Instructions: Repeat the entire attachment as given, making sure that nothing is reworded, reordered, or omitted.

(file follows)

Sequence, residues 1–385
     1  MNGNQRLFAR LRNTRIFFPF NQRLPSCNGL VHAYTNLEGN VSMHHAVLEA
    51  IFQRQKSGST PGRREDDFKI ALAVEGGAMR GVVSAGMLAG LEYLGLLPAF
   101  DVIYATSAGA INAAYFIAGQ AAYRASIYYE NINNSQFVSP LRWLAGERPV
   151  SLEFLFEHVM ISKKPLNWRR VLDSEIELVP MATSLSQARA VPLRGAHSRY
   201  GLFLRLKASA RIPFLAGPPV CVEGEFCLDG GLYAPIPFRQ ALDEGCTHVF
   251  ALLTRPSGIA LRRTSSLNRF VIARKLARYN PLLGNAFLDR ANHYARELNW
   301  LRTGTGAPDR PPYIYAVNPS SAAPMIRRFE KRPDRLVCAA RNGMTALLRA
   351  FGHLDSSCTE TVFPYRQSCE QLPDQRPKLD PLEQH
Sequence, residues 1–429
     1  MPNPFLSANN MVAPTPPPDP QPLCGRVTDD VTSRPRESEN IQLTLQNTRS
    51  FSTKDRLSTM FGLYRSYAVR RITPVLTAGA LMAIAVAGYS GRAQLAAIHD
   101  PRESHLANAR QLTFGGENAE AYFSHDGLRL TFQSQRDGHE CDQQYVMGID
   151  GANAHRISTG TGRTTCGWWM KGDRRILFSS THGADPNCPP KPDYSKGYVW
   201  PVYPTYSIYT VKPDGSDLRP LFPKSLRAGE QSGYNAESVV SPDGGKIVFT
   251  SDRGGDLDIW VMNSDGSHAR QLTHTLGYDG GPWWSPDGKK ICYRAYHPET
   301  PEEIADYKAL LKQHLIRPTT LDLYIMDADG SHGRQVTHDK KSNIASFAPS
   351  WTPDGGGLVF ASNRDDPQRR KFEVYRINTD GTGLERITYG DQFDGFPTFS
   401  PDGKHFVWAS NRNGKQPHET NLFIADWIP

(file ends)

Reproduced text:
Sequence, residues 1–385
     1  MNGNQRLFAR LRNTRIFFPF NQRLPSCNGL VHAYTNLEGN VSMHHAVLEA
    51  IFQRQKSGST PGRREDDFKI ALAVEGGAMR GVVSAGMLAG LEYLGLLPAF
   101  DVIYATSAGA INAAYFIAGQ AAYRASIYYE NINNSQFVSP LRWLAGERPV
   151  SLEFLFEHVM ISKKPLNWRR VLDSEIELVP MATSLSQARA VPLRGAHSRY
   201  GLFLRLKASA RIPFLAGPPV CVEGEFCLDG GLYAPIPFRQ ALDEGCTHVF
   251  ALLTRPSGIA LRRTSSLNRF VIARKLARYN PLLGNAFLDR ANHYARELNW
   301  LRTGTGAPDR PPYIYAVNPS SAAPMIRRFE KRPDRLVCAA RNGMTALLRA
   351  FGHLDSSCTE TVFPYRQSCE QLPDQRPKLD PLEQH
Sequence, residues 1–429
     1  MPNPFLSANN MVAPTPPPDP QPLCGRVTDD VTSRPRESEN IQLTLQNTRS
    51  FSTKDRLSTM FGLYRSYAVR RITPVLTAGA LMAIAVAGYS GRAQLAAIHD
   101  PRESHLANAR QLTFGGENAE AYFSHDGLRL TFQSQRDGHE CDQQYVMGID
   151  GANAHRISTG TGRTTCGWWM KGDRRILFSS THGADPNCPP KPDYSKGYVW
   201  PVYPTYSIYT VKPDGSDLRP LFPKSLRAGE QSGYNAESVV SPDGGKIVFT
   251  SDRGGDLDIW VMNSDGSHAR QLTHTLGYDG GPWWSPDGKK ICYRAYHPET
   301  PEEIADYKAL LKQHLIRPTT LDLYIMDADG SHGRQVTHDK KSNIASFAPS
   351  WTPDGGGLVF ASNRDDPQRR KFEVYRINTD GTGLERITYG DQFDGFPTFS
   401  PDGKHFVWAS NRNGKQPHET NLFIADWIP